Astley's Royal Amphitheatre

Other Images

Legend
map legend

Venue Type & Location

Circus

Site Name: Astley's Royal Amphitheatre
Location: London
County: London (city-county)
Location Type: Town - in town at determined location

Overview

  • Address: 6 & 7 Westminster Bridge Road, Lambeth. For a current map, Click Here. For historical maps showing the venue (in addition to the one excerpted at right), Click Here and Here.


  • Alternate Names: Batty's Royal Amphitheatre?, Batty's Hippodrome?


  • Performance Space Description: Information about this venue has not yet been compiled; however, some sense of the performance space may be gleaned by following the links at right. In particular:


  • See the 'Bibliographic Sources' link for a provisional list of venue-relevant resources (both primary and secondary). Wherever possible (i.e. when the pertinent text is relatively short and/or easily condensed) this material has been transcribed, and appears beneath the appropriate bibliographic citation.


  • See the 'Events at venue' link for a listing of blackface/minstrelsy-related events that took place in this performance space (with attached bibliographic references).


    Beth Marquis

  • Events at Astley's Royal Amphitheatre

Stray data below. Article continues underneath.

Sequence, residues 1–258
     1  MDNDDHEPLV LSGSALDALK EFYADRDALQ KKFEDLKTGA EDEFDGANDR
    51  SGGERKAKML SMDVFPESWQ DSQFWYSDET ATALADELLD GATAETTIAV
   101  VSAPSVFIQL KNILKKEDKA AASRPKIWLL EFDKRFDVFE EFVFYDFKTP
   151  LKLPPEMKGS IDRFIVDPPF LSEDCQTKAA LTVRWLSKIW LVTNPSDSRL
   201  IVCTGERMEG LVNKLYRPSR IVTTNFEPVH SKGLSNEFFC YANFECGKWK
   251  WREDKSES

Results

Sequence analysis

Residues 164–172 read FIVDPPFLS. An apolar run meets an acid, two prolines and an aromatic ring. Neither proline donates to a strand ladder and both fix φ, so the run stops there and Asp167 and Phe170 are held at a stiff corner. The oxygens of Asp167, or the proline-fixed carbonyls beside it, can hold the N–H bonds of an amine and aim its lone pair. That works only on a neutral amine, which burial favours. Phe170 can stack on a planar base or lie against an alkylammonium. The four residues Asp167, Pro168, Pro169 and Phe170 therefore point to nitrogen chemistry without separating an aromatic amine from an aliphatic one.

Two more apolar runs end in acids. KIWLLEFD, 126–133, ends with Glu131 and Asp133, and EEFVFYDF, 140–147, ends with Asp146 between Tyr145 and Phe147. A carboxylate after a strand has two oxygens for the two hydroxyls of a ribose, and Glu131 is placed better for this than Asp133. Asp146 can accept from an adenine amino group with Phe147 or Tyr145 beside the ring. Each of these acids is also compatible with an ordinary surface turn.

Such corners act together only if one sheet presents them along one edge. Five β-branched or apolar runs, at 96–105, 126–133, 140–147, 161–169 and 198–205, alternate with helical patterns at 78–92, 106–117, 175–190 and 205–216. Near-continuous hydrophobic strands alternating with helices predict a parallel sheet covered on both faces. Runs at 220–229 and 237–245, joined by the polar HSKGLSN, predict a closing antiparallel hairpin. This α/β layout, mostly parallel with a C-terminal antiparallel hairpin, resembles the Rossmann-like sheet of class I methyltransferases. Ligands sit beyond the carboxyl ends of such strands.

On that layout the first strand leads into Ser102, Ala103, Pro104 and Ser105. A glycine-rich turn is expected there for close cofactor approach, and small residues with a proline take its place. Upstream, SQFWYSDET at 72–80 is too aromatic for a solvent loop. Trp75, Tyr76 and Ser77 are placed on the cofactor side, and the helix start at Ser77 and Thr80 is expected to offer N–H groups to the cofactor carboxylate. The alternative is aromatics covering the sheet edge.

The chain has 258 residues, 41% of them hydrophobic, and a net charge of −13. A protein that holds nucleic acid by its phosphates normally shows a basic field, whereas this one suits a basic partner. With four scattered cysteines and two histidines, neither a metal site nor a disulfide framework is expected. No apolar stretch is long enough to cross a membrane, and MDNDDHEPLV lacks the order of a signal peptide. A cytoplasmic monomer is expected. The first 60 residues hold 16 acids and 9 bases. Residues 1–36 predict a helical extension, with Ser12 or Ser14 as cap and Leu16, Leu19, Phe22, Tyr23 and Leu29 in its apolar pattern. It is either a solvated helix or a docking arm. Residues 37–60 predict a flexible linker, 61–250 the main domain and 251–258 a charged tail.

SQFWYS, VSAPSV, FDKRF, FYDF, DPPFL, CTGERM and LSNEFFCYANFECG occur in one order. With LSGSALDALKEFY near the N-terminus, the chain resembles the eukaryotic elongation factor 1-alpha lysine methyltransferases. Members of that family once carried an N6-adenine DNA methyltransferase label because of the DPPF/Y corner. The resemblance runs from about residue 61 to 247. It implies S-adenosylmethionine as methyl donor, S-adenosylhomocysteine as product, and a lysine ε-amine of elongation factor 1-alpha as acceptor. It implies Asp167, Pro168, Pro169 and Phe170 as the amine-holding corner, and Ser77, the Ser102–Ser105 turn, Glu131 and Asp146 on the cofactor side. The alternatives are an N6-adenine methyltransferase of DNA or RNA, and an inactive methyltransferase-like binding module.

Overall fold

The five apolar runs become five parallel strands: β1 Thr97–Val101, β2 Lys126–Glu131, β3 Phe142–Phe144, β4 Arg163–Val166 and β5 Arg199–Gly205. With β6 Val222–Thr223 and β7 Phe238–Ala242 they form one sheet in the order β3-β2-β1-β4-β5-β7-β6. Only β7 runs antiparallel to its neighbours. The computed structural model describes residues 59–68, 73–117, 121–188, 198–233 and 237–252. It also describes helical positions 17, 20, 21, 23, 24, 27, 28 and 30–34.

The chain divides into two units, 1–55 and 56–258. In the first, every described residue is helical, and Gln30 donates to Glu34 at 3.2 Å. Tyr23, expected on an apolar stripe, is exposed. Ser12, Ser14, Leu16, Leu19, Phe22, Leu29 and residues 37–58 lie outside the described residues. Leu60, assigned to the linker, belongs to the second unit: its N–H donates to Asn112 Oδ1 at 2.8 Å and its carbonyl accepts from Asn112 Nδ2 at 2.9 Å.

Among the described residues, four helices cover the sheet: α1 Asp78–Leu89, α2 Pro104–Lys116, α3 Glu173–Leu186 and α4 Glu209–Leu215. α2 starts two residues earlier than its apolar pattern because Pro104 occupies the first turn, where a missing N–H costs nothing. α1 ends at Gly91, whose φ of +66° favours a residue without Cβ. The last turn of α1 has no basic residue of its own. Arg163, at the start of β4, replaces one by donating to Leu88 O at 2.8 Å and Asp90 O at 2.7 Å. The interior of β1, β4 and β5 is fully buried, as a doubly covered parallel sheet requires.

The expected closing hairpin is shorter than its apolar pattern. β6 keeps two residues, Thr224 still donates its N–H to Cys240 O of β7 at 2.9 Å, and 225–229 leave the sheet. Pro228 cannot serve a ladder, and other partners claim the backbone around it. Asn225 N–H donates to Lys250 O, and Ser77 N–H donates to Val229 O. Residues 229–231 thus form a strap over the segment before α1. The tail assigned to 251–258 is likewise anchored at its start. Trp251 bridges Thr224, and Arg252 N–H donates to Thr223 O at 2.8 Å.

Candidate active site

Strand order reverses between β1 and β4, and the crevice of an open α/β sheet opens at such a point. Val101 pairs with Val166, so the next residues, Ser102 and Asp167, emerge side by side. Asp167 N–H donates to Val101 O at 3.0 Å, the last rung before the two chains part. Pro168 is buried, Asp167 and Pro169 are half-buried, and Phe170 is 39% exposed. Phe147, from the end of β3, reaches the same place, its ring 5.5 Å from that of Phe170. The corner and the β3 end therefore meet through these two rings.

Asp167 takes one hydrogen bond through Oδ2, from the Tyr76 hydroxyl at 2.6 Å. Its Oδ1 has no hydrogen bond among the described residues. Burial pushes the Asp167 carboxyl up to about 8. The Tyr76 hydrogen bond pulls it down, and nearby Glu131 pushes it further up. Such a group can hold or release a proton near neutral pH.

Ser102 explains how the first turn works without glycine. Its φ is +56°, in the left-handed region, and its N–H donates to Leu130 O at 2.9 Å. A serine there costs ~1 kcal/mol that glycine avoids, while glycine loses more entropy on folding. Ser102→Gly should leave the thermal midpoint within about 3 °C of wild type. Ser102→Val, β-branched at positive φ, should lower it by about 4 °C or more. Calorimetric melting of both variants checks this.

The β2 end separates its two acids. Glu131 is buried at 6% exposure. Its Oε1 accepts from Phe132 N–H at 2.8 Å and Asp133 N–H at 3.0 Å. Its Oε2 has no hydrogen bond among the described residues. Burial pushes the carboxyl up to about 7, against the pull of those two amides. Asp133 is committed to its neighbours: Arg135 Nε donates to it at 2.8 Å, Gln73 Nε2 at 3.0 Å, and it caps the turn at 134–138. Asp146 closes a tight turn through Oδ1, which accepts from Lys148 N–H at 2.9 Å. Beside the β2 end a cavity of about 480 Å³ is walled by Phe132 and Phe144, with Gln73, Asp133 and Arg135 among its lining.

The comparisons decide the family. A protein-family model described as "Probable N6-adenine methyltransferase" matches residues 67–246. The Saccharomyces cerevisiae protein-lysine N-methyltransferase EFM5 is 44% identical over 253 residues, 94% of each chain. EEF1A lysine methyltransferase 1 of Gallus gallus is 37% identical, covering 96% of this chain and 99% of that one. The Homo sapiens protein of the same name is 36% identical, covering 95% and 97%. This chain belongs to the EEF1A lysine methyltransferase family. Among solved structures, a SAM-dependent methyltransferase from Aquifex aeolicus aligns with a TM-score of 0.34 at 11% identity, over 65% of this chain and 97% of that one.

Event Date Venue Location Troupe
    Circus 19 August 1844 - 24 August 1844 London, London (city-county) Carter, the American Lion King
    Circus 26 August 1844 - 31 August 1844 London, London (city-county) Carter, the American Lion King
    Circus 2 September 1844 - 7 September 1844 London, London (city-county) Tourniaire, Francois
    Circus 17 September 1844 - 17 September 1844 London, London (city-county) Ioway Indians
    Circus 21 October 1844 - 21 October 1844 London, London (city-county) American Southern Minstrels, Palmer, Master Hendrik Thompson
    Circus 4 November 1844 - 9 November 1844 London, London (city-county) Wells
    Circus 18 November 1844 - 23 November 1844 London, London (city-county) Stickney, The Popular American Horseman
    Variety 5 January 1845 - 5 January 1845 London, London (city-county) American Southern Minstrels
    Circus 27 January 1845 - 1 February 1845 London, London (city-county) American Southern Minstrels
    Variety 3 February 1845 - 8 February 1845 London, London (city-county) American Southern Minstrels
    Minstrel Show 10 February 1845 - 15 February 1845 London, London (city-county) American Southern Minstrels
    Circus 18 August 1845 - 23 August 1845 London, London (city-county) Francois, Mons.
    Dramatic 1 September 1845 - 6 September 1845 London, London (city-county) Bride of the Nile Troupe (Astley's, 45)
    Circus 8 September 1845 - 13 September 1845 London, London (city-county) Bride of the Nile Troupe (Astley's, 45)
    Circus 15 September 1845 - 20 September 1845 London, London (city-county) Bride of the Nile Troupe (Astley's, 45)
    Circus 22 September 1845 - 27 September 1845 London, London (city-county) Bride of the Nile Troupe (Astley's, 45)
    Circus 29 September 1845 - 4 October 1845 London, London (city-county) Bride of the Nile Troupe (Astley's, 45)
    Circus 6 October 1845 - 11 October 1845 London, London (city-county) Bride of the Nile Troupe (Astley's, 45), Francois, Mons.